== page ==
Electrical Engineering : What is Dirty Power?
Electrical Engineering : What is Dirty Power?

Electrical Engineering : What is Dirty Power?

Posted by Mike Ruff on in Engineering, Fundamentals

“Dirty power” is an abnormality in the power quality that is being delivered to a system.  These abnormalities can include low power factor, voltage variations, frequency variations, and surges.  All electrical systems are based on a supply of power at a certain voltage and frequency.  Equipment and electronic devices are chosen based on this expected supply of power.

When the power delivered to a system doesn’t match what is expected, equipment can malfunction, prematurely fail, or not work at all.  In rare cases, power quality can be affected by the power company.  The power company’s old infrastructure or inability to supply the high demand of its customers can decrease the quality of power.  Most problems however, are caused by upstream systems (other customers) or the actual system itself (your site).

Upstream electrical systems can produce “dirty power” which then moves into power lines and the lower quality power will then be delivered to all downstream systems.  An electrical system can actually lower its own power quality by connecting too many digital loads that dump higher frequencies into the system.  In order to improve power quality, one must understand the causes and what can be done to resolve these problems.

There are several types of power disturbances falling under the name “dirty power” that can affect power quality:

  1. Low power factor is a low ratio of real power to apparent power.  Low power factor is caused by inductive loads connected to a system.
  2. Normal mode noise (spike or surge) is a low level signal added to the original power signal.  Normal mode noise can be caused by computers and switching power supplies.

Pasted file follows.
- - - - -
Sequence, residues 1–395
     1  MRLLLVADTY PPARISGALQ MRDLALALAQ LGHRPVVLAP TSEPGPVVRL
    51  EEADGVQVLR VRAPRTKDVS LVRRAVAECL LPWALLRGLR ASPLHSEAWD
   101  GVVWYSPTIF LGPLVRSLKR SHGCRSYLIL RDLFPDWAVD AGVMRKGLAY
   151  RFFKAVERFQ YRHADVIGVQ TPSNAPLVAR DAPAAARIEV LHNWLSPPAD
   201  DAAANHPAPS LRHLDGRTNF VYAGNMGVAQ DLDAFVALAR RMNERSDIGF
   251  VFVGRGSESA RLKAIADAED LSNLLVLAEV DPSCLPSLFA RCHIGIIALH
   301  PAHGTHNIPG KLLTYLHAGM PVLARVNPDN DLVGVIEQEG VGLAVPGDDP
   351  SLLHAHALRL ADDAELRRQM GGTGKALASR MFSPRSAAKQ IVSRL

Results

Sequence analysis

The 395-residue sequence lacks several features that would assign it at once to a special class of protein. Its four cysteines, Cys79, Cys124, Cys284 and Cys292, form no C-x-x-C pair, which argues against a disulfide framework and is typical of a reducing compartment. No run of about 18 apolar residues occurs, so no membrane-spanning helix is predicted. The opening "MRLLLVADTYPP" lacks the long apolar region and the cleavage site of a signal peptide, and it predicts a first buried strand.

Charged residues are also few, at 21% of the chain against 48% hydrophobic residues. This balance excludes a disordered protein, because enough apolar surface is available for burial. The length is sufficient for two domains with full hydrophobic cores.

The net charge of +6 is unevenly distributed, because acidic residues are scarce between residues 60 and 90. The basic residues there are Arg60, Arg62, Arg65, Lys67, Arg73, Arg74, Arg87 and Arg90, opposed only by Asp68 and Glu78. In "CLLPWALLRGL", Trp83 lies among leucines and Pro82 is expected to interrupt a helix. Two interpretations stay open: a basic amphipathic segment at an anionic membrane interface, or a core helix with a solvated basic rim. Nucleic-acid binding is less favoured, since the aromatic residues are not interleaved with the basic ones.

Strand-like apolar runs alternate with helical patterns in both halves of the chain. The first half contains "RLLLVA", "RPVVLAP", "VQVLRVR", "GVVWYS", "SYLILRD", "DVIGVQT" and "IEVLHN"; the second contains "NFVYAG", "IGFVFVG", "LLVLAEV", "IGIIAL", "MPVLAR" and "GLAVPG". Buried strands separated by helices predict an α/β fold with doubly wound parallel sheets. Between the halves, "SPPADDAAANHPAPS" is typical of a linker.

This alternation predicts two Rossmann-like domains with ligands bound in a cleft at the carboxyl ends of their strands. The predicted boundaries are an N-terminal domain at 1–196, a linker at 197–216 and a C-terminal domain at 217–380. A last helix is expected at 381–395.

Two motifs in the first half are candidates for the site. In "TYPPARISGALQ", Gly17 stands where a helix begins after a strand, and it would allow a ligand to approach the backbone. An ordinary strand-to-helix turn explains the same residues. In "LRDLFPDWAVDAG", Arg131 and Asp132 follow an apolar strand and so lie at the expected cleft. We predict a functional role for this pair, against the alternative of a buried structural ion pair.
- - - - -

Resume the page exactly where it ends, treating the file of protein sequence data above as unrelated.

3. Common mode disturbances are impulses and other noise (spikes or surges) imposed on the system’s conductors. Common mode disturbances can be caused by radios and lightning.
  4. A voltage sag is a dip in voltage below its normal value.  Voltage sags can be caused by ground faults and starting large loads.
  5. Harmonics are signals with frequencies that are multiples of that of the original signal.  Harmonics can be caused by switching loads on/off and computer networks.
  6. Over-voltages are increases in voltage above its normal value. Over-voltages can be caused by rapid load reduction or utility switching.
  7. Outages are a complete loss of power to a system.  Outages can be caused by equipment failure and acts of nature.
  8. Imbalanced load or super lightly loaded panels.

There are several solutions that can be implemented in order to improve power quality:

  1. Power factor correction can increase the efficiency of a system by increasing amount of real power delivered to a load (see TES’ article on Power Factor).
  2. High frequency filters will reduce the amount of high frequency signal entering a power system, ensuring that power delivered to a load will not harm equipment.
  3. Line reactors can be installed in order to oppose rapid changes in current, protecting sensitive equipment from large currents they are not manufactured to withstand.
  4. Surge protectors can be installed in order to oppose rapid changes in voltage, protecting equipment from higher voltages than they are rated for.

“Dirty power” is a reduction in power quality that affects most power systems today.  Taking steps to find out the causes of these power disturbances and implementing some of the solutions will improve the power quality within a system, allowing it to be more efficient and effective.

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